Your basic signal flow for two channels is mics>preamps>a/d>usb>laptop. Easy to do but you must listen to everything before you purchase it. Mic preamps and A/Ds are very good these days but you’ll need to listen. You may be fine with keeping your MiniMe and that it’s just as good as what you can purchase now, but listen and compare. One interesting feature with the MiniMe is you can use the AES output to feed one recorder and the s/pdif to feed another so don’t dump your HDP1 yet. You always need a backup recorder for live events, always.

I’m intrigued that you’re using the PCM91 to transfer into your Gateway. I think you’ll be pleasantly surprised at the increase in clarity you’ll get bypassing that step. The PCM91 sounds great as a verb but it’s not a transparent transfer device. If you end up deciding the PCM91 is part of your sound which it may be, then you can send the audio through it once you get back to the studio, no need to use mediocre plugins if the PCM91 is doing the job.

Good luck and prepare to be overwhelmed. You’ll be lost for awhile then acquire a critical mass of information at which point things start to make sense.


May I recommend going online and watching the Steinberg tutorials site on utube, first, to get a feel of the new software and its potentials.

Yes, a laptop can do all this, you MUST go 64 bit operating system to future proof yourself. Win 7 is better regarded (mostly) than Win 8, generally because Win 8 has an ugly GUI, under the hood its probably better. I use win7 and am happy.

Generally people still use outboard sound cards, for a laptop you simply chain something in. Even a budget card, will probably be better than old tech. Latency is important but most card build specifically for the music market will handle this well these days. Other thing to consider is how many ins and outs.

On the storage front, I would be waiting right now because, there is a new tech on the way, very new:

If the price was right I would use these for storage, but a standard HDD is fine really.

I have also used early Cubase and Wavelab, nowadays everything is much faster, more stable and more sophisticated but the principles are the same. Get a good mic and a good pre amp record at the correct levels.

Relax the mind, it will take months to learn the new Cubase, buts that’s OK.

You don’t say your budget, but mention a $10,000 pc. If you state your budget and what you want to replace you get better answers.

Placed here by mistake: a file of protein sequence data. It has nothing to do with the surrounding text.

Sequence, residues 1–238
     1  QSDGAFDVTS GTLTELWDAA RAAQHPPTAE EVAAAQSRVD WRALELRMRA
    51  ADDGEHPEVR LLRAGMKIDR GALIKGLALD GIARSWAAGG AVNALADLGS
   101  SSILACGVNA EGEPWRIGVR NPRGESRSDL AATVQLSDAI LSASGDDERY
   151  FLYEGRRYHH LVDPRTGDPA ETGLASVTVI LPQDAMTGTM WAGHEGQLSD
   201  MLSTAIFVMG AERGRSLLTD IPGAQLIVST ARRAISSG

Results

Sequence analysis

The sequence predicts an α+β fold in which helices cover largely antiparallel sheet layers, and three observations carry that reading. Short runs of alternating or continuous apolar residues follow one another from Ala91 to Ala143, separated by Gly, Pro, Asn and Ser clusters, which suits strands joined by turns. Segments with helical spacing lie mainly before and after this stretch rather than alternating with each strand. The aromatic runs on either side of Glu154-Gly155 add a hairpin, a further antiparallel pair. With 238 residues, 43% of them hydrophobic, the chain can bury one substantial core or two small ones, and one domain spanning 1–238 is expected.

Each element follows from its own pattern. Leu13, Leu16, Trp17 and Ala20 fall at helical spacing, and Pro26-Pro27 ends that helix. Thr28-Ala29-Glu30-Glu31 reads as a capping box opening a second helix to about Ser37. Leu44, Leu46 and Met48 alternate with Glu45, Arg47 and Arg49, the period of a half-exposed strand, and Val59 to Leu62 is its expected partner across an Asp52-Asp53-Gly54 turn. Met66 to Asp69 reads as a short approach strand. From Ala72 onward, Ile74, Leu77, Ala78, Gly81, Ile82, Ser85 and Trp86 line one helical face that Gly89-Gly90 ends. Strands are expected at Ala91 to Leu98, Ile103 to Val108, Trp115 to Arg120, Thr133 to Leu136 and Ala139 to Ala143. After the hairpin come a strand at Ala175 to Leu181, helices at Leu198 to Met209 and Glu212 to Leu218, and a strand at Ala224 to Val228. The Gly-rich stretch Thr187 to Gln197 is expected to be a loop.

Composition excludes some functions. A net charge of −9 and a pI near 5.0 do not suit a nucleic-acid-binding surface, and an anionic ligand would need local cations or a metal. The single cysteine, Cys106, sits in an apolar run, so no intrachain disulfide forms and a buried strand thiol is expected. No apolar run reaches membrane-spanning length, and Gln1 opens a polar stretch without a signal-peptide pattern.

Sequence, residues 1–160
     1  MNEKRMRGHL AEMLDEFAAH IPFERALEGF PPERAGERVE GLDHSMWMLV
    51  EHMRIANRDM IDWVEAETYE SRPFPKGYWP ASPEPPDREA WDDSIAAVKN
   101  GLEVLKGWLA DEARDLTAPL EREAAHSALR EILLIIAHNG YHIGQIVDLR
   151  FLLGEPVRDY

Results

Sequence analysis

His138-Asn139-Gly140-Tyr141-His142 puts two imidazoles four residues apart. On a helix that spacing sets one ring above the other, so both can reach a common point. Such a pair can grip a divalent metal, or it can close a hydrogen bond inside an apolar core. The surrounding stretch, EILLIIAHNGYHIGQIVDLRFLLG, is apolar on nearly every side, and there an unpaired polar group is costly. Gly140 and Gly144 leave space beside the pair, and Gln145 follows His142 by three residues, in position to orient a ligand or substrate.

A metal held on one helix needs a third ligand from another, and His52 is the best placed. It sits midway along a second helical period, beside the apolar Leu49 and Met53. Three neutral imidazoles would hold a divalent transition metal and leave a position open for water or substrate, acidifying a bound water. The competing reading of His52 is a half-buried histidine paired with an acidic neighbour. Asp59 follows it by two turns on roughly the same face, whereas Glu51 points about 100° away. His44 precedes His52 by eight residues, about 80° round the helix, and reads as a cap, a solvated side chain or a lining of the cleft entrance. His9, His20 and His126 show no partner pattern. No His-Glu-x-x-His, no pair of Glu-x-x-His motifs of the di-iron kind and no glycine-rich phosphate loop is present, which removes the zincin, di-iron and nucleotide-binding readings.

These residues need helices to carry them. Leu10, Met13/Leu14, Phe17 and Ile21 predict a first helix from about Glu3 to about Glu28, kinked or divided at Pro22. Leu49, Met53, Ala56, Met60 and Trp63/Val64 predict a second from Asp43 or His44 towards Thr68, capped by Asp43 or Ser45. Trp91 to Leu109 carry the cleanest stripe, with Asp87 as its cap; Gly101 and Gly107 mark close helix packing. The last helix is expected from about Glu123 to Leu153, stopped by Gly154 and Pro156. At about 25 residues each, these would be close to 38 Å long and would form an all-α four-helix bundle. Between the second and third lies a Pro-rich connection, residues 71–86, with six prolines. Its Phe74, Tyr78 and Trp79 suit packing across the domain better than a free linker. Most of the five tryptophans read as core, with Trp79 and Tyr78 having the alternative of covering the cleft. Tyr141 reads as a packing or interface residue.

I would say that you should go for a core i7 architecture, though I am not up to date at present.

Cubase can utilise more than a single core, so multicore systems are best. I have a quad core laptop be warned that they eat juice

Don’t forget to factor speakers and amps

You did not mention MIDI?

I think this is the basics, you should enjoy the new world.

Not 100% sure as what ‘exactly’ you want to do…or not sure you know yourself either, which is fine. But I’ll chine in.

As for old software, I still use slightly older ‘everything’ myself, hardware & software. My personal thoughts are, If I want to keep using what I have, or what I want to keep using, I have to stay behind a little for it all to play along well. Years ago I bought Wavelab 3, never really used it, though it will still run on my Win XP systems…which my 7 year old technology/machines still do what I need it to.

Unless you want to buy a newer version of Wavelab, and/or Cubase, you could buy a computer or laptop that is still able to run Wavelab 3, and still able to run whatever OS you need that will accommodate Wavelab . It doesn’t sound like you need Win 7 or 8, or some new Mac system, though if you insist on the latest computers, that’s what OS you’ll get, and then you may be forced to start & continue an extensive upgrade path.

I’ve always used more than one hard drive so I don’t get bottle necking, though if only recording a single stereo track, maybe it’s not as critical(?) For the rest of us using lot’s of VSTi’s, lot’s of audio tracks multiple hard drives it’s more critical. I think of it as having more lanes on the freeway to allow more traffic to pass. I have 3 HDD’s in my main DAW…(#1) OS/Programs HDD, (#2) All recorded Audio/projects, #3) all VSTi sample content.